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The Silly Season : County Prep Football Races Didn't Turn Out as Predicted


It has been an unusual football season.

At one time, Marina and Los Alamitos were tied in the Sunset League standings.

Santa Ana Valley won a Century League title, its first title in 17 years.

Cypress qualified for the playoffs for the first time since 1980, only to discover it had an ineligible player and forfeited the victories that pushed it into the playoffs--on the final night of the season.

Valencia didn't make the playoffs for the first time since 1980. After winning 81% of its games the past 10 years--the fifth-best total in the Southern and City sections--the Tigers went 3-7; in the previous 10 seasons, they had gone 106-22-3.

For the second consecutive year, Loara reached the playoffs because of another team's forfeits. And Loara will try to stage its second consecutive first-round upset.

That's the kind of year it was, the kind that would have put the Psychic Hotline out of business. The regular season was filled with one brow-raising event after another. And now the playoffs begin in what has been a totally unpredictable year.

Laguna Hills sophomore Michael Jones led the sophomore-laden Hawks to another Pacific Coast League title despite projections of a third-place finish. He also established a pace--averaging only 10 games over the next two seasons--to break the all-time career rushing record held by Valencia's Ray Pallares (5,397 yards in 1983-85). Jones' astonishing pace is 5,754 yards, excluding any playoff games. Laguna Hills is seeded fourth in the Division VIII playoffs, and is likely to get several playoff games over the next two years--beginning Friday.

Meanwhile, Reuben Droughns of Anaheim didn't even finish among the top 10 rushers in the county this season, but ended his career No. 2 on the all-time list with 4,915 yards--despite not being in the playoffs since his sophomore year.

Fullerton went undefeated in the Freeway League.

Newport Harbor, 14-0 last season and the Division V champions, lost five of its first six games on the field, though one was reversed by a forfeit; the Sailors (4-6) didn't make the playoffs.

Tustin, 1-9 last year, could have won the Golden West League title outright with a victory over Servite--the top-ranked team in Division V--in its final game, but it lost.

There were plenty of other surprising developments.

The Muddle at the Top

It was an easy call. Los Alamitos was the No. 1 team in Orange County. Case closed. Sealed shut. Put six feet under. It was the dominant team.

Then came Oct. 20, and a 21-17 victory by Esperanza over the Griffins. Playing Los Alamitos always brings out the best in Esperanza, and on this night, it brought out the Deacon Jones and Merlin Olsen in the Aztecs' defense.

They sacked Los Alamitos quarterback Kevin Feterik 11 times. That was the most astonishing aspect of the game--the way Esperanza manhandled the Griffins, who also happened to be ranked No. 1 in the nation.

Esperanza, which had lost twice already, ascended to No. 2 in Orange County, right behind unbeaten Mater Dei.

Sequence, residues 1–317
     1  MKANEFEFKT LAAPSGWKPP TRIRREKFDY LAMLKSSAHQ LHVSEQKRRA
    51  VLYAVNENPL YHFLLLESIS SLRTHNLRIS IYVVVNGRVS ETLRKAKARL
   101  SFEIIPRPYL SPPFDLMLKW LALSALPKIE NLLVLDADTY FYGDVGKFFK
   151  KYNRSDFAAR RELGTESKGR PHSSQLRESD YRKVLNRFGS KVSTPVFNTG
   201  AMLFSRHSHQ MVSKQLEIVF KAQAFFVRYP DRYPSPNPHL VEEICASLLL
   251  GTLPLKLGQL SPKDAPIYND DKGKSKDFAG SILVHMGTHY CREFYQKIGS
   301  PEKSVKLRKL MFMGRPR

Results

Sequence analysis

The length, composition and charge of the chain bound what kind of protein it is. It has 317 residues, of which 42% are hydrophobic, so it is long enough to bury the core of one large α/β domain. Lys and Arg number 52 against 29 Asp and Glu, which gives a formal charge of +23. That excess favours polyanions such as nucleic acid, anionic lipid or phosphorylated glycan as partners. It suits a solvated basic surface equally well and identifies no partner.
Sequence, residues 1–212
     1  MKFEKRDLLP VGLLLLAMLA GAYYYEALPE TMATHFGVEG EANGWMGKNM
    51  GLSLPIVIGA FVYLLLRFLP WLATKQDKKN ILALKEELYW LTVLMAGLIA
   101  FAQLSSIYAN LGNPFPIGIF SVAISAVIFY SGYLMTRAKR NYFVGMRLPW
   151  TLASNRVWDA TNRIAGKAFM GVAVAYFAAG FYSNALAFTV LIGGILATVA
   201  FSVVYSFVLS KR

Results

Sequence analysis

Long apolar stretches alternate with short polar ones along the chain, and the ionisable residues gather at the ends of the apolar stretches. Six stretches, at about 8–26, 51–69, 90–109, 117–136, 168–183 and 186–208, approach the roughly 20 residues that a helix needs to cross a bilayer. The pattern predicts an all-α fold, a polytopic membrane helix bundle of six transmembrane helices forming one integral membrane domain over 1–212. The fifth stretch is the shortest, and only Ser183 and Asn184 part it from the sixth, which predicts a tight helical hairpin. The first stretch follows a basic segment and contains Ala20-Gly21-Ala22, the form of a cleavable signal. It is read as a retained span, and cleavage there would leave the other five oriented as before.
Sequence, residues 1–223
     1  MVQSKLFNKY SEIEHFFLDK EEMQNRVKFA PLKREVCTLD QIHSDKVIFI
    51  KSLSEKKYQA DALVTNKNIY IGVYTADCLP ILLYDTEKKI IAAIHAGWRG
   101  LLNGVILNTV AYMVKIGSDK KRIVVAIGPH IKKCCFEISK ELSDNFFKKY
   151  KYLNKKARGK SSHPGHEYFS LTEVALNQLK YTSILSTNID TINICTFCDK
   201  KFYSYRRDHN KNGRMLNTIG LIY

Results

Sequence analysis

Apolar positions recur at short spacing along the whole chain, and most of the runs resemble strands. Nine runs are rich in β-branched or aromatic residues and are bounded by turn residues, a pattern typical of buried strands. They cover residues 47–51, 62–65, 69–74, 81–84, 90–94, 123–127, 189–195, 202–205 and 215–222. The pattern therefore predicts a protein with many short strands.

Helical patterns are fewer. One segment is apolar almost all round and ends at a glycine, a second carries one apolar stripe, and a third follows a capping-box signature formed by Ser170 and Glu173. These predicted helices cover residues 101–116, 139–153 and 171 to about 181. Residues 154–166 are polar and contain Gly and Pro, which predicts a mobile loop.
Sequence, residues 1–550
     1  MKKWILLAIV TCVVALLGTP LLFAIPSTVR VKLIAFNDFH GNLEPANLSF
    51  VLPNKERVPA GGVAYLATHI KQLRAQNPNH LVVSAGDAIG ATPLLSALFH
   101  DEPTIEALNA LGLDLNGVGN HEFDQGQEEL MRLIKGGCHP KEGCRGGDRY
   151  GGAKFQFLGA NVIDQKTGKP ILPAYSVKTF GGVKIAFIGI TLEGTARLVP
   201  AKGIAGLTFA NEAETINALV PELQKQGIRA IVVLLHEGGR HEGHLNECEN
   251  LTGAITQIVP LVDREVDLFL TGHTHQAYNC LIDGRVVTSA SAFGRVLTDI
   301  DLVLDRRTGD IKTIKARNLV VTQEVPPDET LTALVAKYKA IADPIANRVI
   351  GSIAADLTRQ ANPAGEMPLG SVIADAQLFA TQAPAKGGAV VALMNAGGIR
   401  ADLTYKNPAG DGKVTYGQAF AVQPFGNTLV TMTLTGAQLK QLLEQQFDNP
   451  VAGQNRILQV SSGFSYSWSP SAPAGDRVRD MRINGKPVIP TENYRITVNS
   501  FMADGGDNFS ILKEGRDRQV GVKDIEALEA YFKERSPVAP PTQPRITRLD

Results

Then Mater Dei lost at San Clemente, 23-17.

Esperanza, which had been ranked as low as eighth earlier in the season, was voted No. 1 by area sportswriters.

"Is there a dominant team in Orange County?" Esperanza Coach Gary Meek asked, then answered his own question: "No."

And it has been awhile since that was the case.

"On any given week, there's probably seven or eight teams in the county that could beat each other," San Clemente Coach Mark McElroy said.

Meek conceded several teams can make valid arguments to being No. 1--especially given the Aztecs' two losses; Fullerton, Kennedy, Laguna Hills, Los Alamitos, Mater Dei, University and Western have better records.

Is it more telling to have one bad night over the course of a season, as did Los Alamitos or Mater Dei, or two bad nights like Esperanza--or even San Clemente?

"My opinion is that it's great for high school football," Mater Dei Coach Bruce Rollinson said. "It teaches kids that there's always hope. Don't believe the newspapers, just go out and play the football game, which is what Esperanza proved."

Said Los Alamitos Coach John Barnes: "I think the most surprising thing this year is that Mater Dei lost."

The Undefeated

There was one team that didn't lose a regular-season game--Western went 10-0 for the first time since 1972, when the Pioneers' only loss in a 13-1 season was in the section final.

"I wouldn't have picked us to go undefeated," Coach Jim Howell said, "but I knew we would have a good team."

Western didn't play any of the county powers, and that led to the Pioneers not being ranked among the county Top 10 until Week 8--right before they were supposed to get their comeuppance from Savanna. The Pioneers won that game, 31-0.

"I thought this group was different because of the senior leadership," Howell said. "When you have that, it gives you an advantage--it doesn't mean you're going to be undefeated, but you feel like it will win some games for you that you might not otherwise be successful in."

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